Archives, Collections and Museums

The group actively uses and develops collaborative working relationships with archives, collections and museums. Through this work many in the group also seek to reappraise the nature of the archive and archival practice and redefine what is considered as a research output in historical and cultural geographic research.

Merle Patchett's research into taxidermy specimens and zoological collections necessitated that she reappraise the nature of the archive and archival practice. For example, this research incorporated the use of specimen-artefacts as object-based archives and required the purposeful assemblage and rehabilitation of diffuse archival and historical remains to tell of the lifeworlds of practice behind the making and maintenance of specimens and collections. Part of the goal of this research was also to reassert the public value of taxidermy specimens and collections through collaborative exchange with museum practitioners and contemporary artists. These exchanges resulted in the collaboratively curated exhibitions Blue Antelope (2006) and Out of Time (2007) at the Hunterian Museum, Glasgow, and Fashioning Feathers: Dead Birds, Millinery Crafts and the Plumage Trade at the Royal Alberta Museum, Edmonton (2012-13). These curatorial projects and Merle's current collaborations with the Bristol Museum and Art Gallery on  Animating Animal Afterlives aim to highlight the potential of the exhibition as a research output.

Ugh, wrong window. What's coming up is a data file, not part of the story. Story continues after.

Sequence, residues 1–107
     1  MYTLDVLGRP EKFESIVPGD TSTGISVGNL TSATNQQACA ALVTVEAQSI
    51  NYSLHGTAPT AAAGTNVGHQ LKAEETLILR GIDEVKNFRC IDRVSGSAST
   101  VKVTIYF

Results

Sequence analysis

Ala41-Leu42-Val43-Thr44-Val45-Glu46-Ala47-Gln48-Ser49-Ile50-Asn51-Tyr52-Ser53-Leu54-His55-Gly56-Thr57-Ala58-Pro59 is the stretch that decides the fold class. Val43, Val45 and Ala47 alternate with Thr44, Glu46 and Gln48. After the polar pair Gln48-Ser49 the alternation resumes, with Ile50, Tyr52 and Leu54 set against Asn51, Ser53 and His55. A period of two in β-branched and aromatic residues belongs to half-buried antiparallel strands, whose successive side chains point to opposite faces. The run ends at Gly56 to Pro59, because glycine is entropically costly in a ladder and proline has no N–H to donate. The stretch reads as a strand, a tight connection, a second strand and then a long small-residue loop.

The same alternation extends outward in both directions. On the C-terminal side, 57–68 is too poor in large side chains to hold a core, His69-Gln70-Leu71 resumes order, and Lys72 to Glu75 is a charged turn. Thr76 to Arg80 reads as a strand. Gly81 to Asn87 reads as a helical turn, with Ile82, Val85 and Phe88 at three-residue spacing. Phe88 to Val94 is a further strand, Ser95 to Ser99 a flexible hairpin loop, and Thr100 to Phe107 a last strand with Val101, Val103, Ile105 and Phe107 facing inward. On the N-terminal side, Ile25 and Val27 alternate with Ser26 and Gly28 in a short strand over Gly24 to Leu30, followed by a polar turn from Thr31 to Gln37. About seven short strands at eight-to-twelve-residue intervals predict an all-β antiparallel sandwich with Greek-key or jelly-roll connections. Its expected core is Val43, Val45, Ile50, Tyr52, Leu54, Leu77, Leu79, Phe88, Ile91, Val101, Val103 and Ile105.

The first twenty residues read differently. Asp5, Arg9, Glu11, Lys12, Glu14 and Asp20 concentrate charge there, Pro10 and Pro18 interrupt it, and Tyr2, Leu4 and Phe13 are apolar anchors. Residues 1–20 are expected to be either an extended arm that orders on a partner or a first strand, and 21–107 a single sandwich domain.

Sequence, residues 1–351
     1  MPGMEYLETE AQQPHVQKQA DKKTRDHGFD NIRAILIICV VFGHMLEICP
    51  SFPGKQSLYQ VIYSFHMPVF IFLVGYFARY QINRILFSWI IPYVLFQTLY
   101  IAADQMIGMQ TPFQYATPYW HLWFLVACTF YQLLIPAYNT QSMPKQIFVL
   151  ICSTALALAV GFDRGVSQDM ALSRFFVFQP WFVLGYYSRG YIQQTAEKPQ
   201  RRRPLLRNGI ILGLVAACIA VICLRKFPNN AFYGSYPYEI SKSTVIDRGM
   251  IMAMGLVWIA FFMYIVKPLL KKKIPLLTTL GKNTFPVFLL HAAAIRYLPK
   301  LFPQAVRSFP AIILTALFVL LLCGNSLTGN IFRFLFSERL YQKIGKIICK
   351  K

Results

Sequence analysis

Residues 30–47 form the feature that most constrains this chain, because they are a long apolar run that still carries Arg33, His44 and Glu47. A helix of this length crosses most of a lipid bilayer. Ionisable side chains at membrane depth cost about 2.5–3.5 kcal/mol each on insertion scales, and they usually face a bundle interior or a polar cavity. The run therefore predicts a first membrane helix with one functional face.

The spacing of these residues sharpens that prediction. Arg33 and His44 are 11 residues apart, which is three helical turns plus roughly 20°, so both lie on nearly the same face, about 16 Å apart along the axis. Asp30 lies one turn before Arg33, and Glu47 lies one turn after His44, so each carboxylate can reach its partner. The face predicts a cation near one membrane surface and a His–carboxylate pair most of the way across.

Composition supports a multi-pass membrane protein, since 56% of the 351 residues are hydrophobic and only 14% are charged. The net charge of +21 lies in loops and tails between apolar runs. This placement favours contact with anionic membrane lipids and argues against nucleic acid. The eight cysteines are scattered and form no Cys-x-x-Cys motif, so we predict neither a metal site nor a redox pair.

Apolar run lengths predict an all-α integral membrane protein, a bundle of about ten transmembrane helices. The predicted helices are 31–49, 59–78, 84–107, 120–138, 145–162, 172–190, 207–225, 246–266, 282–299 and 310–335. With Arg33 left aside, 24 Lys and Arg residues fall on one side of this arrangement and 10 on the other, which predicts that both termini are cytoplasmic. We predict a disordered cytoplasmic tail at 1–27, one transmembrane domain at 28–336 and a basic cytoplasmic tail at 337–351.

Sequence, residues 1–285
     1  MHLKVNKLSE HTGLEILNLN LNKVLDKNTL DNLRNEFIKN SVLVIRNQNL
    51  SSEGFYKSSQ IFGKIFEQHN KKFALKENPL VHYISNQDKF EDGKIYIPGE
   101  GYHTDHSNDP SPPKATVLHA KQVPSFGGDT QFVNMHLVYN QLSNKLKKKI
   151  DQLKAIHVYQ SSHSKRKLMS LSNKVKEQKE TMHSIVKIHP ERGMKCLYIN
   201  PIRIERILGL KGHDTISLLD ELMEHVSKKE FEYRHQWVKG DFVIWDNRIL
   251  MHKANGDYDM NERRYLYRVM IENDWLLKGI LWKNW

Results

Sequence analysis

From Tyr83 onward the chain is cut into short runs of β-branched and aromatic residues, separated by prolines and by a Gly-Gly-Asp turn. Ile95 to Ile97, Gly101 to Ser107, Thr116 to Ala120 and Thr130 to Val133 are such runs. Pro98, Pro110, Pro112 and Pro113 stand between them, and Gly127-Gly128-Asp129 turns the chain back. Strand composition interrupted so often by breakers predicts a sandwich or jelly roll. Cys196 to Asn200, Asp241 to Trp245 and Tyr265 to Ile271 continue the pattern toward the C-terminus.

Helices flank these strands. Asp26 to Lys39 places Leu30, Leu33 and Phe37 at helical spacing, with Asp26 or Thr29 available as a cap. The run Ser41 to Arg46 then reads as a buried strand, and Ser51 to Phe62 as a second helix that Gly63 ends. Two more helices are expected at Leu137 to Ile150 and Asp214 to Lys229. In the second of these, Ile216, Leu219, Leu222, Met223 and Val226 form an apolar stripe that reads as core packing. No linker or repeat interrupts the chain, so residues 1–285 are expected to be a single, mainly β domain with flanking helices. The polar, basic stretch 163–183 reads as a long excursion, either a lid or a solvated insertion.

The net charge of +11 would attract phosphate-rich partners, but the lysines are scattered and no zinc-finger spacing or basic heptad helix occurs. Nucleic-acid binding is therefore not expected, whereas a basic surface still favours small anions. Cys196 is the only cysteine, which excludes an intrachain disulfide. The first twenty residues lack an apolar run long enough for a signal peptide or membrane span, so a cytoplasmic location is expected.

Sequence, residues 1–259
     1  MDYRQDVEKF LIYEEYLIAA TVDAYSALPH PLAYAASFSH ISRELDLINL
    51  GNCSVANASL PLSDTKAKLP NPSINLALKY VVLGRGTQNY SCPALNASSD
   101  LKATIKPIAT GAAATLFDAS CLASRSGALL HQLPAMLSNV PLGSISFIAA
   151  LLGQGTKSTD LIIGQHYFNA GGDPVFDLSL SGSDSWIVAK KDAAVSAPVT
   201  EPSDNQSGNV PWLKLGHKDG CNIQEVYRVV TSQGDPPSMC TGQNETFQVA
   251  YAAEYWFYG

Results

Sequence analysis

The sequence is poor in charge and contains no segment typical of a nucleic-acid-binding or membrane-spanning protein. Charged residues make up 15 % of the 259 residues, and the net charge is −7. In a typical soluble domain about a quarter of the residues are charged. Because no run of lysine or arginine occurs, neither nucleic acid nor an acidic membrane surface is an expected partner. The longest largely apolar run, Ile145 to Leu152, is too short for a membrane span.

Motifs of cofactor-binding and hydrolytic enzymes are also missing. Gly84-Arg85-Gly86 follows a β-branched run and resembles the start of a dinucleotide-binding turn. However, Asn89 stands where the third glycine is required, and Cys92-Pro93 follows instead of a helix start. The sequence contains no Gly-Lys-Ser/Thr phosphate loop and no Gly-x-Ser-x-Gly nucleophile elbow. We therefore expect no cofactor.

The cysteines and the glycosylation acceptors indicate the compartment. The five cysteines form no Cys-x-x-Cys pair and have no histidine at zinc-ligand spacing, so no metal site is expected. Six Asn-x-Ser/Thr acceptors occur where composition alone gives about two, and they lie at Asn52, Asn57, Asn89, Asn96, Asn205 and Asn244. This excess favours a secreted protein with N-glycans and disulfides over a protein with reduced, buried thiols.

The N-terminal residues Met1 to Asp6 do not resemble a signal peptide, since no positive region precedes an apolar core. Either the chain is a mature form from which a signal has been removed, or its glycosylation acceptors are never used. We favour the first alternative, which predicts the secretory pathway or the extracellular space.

As a postdoctoral fellow at the University of Alberta, Merle mobilized the design competition as a public engagement method. As part of part of Rob Shields’ SSHRC-funded project “Reimagining the Mini-Mall", Merle conceived and curated Strip Appeal, an ideas design competition and travelling exhibit intended to stimulate and showcase creative design proposals for the adaptive reuse of small-scale strip-malls ( The competition received over 100 submissions from 11 different counties and as well as the exhibit tour the bookwork Strip Appeal: Reinventing the Strip Mall (co-edited by Merle Patchett and Rob Shields) - documents the outcomes of the competition and research. By framing the design competition as a public engagement method Merle and Rob argue design is not simply a medium that brings about “construction” or “building,” but can rather be conceptualized as a “theory of action".

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